The DEC has directed SungEel to address the disposal of PFAS, a potentially harmful chemical linked to diseases, reproductive issues and some cancers.
Editor’s note: This story has been updated to reflect SungEel’s response to the DEC’s request for information on PFAS in lithium-ion batteries. The response was released Thursday evening.
New York environmental regulators ordered the sponsor of a proposed Endicott lithium-ion battery recycling operation to provide greater detail on the handling of a toxic substance found in the units.
A letter from the state Department of Environmental Conservation to the president of SungEel MCC Americas directs the White Plains-based company to address the disposal of PFAS contained in the batteries.
The chemicals, known as per- and polyfluoroalkyl substances (PFAS), have drawn increasing scrutiny and public alarm over the past few years. Used widely for decades in non-stick pans, stain-resistant clothing, food packaging and firefighting foams, PFAS have more recently been linked to toxic effects such as immunodeficiencies, reproductive issues and some cancers.
In the most glaring example of PFAS pollution, the chemical was found in the Hoosick Falls water supply in 2014, and was suspected of causing cancer and other maladies in the New York’s Hudson River community. Installation of extensive filtration equipment was required in the community’s water system. The pollution was traced back to plastics factories that made products such as Teflon.
Late Thursday, SungEel representatives attempted to play down the hazards from PFAS contained within the batteries.
“We strongly believe that testing will confirm that any PFAS compounds contained in batteries recycled at our facility will be destroyed at levels of concern in our afterburner,” Danish Mir, SungEel president said in a letter to environmental monitors.
DEC personnel said it recently learned that PFAS is one of many elements contained in lithium-ion batteries, raising concerns not previously addressed in the regulatory review.
“There is evidence that any PFAS compounds present in the batteries could result in PFAS emissions,” the DEC wrote in a two-page letter dated May 20, 2020.
DEC engineers have asked SungEel to provide data on PFAS emissions that may occur before and after the recycling process.
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Another level of review
SungEel received a permit from the DEC to proceed with the project in late March, but this week’s letter essentially stalls the project and places another audit on the company before it can proceed with the $11 million project on the northeast corner of the former IBM Endicott campus.
Further, the DEC action subjects the company to another public review and comment period, but the agency notes the second review will only affect submissions on PFAS treatment.
“The PFAS may simply be the tip of the iceberg as far as the overall toxicity of the substances that will be produced by their kiln and afterburner,” said Paul Connett, a Ph.D chemist who is among the leaders for the opponents.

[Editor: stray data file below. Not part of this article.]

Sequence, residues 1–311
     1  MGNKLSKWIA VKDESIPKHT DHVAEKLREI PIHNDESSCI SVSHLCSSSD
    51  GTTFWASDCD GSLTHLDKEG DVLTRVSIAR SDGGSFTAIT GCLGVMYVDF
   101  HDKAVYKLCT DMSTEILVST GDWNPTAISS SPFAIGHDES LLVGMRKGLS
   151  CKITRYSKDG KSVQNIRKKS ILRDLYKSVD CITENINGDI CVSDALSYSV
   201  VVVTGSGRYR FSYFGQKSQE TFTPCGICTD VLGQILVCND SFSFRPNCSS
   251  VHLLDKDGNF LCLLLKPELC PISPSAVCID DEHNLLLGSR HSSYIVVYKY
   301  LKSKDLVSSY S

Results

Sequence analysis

Mir‘s company has been given until June 1 to provide the details requested by the DEC. In his letter, Mir said the company will reach out to lithium-ion batter manufacturers to determine the amount of PFAS in a typical battery.
“We will agree to test for PFAS content in our scrubber water, battery powder, air emissions, (and) baghouse dusts after the facility becomes operational,” MIr told the DEC.
The DEC letter gives a vocal group of detractors another shot at trying to undermine SungEel’s efforts to site what the company calls an eco-friendly installation to recover and recycle elements in the batteries.
Over the past month, Endicott village board members debated the merits of the plan over a combined 10 hours of virtual meetings. There is a clear divide among members. First-term Mayor Linda Jackson has been joined by trustees Cheryl Chapman and Eileen Konecny in expressing support, while Ted Warner and Pat Dorner have clear reservations about the project.
Though the pollution has been largely cleaned in a multimillion-dollar IBM-sponsored effort, a nagging pool remains under unused buildings east of McKinley Avenue in the village.
SungEel MCC Americas, a partnership between South Korean recycling company SungEel HiTech, and White Plains-based e-recycler and broker Metallica Commodities Corp., will invest $11 million at the former IBM Corp. site to recycle 3,000 to 5,000 tons of spent lithium-ion batteries annually. The company expects to initially employ 20 people and reach 100 workers after three years, according to filings.
Incentives for the project include a $750,000 grant for monitoring and evaluation efforts at the new facility, and a $1 million tax credit.
The proposed lithium-ion battery recycling facility will be at 801 Clark St. in the former IBM Building 259, on the northeast corner of Robble Avenue and Clark Street on the Huron Campus.
• Original article online at https://www.pressconnects.com/story/news/local/2020/05/21/endicott-lithium-ion-battery-plant-get-another-dec-review/5235316002/
Jeff Platsky covers transportation and the economy for the USA TODAY Network New York. He can be reached at JPLATSKY@Gannett.com and followed on Twitter: @JeffPlatsky